Tuesday, January 17, 2012

Yes Virginia, religion really does matter.

Well, in the past week--a small circle of Christians and (secularists?) have been making much ado about this video. In the video, Bethke tries to paint a positive image of Jesus and a negative image of "religion." Kevin DeYoung has said more than enough about what is helpful and not helpful in Bethke's video. And by God's grace, the two seem to be moving in a happy direction.

So I don't want to repeat what others have already addressed.

But I bring this up because last week, amidst the brouhaha surrounding this video I heard a comment on NPR that I can't get out of my head and seems to be related to the entire "Jesus without religion" issue.

Last Thursday, I believe, I was listening to NPR's "All Things Considered" while driving home and they were doing a story on the upcoming primary in South Carolina. The reporter was talking to a well-spoken Republican in South Carolina. A question came up that addressed Romney's potential popularity among evangelical Christians given that he is a Mormon and the interviewee responded more or less, "Mitt Romney's religion isn't an issue with voters. I'm a Christian, and for Christians it is about a relationship and not about religion. It is about having a personal relationship with Jesus Christ, not what religion one belongs to."

Perhaps in Bethke's video and the gentleman from South Carolina's response we are seeing the result of years of evangelicals, for the sake of broadening the appeal of Jesus Christ, downplaying religion. "It's about a relationship, not religion" is a slogan I have heard countless times over the years coming from conservative, evangelical sources. Was it worth it?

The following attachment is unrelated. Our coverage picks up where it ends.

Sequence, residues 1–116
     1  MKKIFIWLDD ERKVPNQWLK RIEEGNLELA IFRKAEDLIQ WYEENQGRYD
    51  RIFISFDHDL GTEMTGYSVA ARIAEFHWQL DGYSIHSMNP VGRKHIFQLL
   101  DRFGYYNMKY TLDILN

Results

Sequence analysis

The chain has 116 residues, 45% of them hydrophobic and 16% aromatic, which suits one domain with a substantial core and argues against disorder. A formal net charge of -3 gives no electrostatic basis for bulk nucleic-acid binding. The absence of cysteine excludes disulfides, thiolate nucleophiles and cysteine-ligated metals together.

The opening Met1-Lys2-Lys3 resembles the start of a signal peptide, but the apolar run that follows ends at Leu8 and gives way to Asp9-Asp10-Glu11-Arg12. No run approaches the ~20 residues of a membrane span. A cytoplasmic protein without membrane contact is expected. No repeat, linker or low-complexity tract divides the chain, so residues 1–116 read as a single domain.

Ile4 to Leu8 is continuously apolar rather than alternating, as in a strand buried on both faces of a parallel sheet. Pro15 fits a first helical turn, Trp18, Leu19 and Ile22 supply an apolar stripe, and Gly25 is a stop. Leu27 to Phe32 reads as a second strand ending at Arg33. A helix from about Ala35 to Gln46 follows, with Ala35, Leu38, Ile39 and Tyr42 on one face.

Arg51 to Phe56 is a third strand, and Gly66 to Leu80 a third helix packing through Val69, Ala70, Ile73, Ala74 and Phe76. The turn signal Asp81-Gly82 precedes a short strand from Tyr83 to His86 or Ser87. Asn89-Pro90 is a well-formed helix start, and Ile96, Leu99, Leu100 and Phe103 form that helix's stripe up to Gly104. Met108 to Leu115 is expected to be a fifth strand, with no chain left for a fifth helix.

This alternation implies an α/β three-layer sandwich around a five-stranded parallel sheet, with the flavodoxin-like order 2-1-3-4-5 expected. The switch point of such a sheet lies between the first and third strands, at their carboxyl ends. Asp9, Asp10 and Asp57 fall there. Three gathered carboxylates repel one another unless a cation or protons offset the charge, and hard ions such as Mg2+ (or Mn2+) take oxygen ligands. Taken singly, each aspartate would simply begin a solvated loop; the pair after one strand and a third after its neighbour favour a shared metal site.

Religion matters. Religion sets parameters for the relationship. Religion defines who we are in a relationship with. Religion places us within a community of people struggling with relationship issues that can help us along the Way. The Mormon understanding of Jesus Christ and the orthodox understanding of Jesus Christ are fundamentally different. I'll not comment on who Mitt Romney knows, that would be inappropriate; but to say that religion doesn't matter when it clearly does, is also inappropriate. (However, it is worth noting that Mormons make good movies.)

Moving forward, evangelicals should stop emphasizing relationship over religion but rather, show how religion can enrich the relationship.

Thursday, January 12, 2012

Exclusivity, Tebow and Culture

Better late than never, I suppose, to weigh in on the Tebow sensation. There has been a lot of talk about Tim Tebow, his faith, his 316 passing yards, and of course, his prayers (Tebowing) this week since the Broncos beat the Steelers in OT on Sunday. There are several observations I would like to make.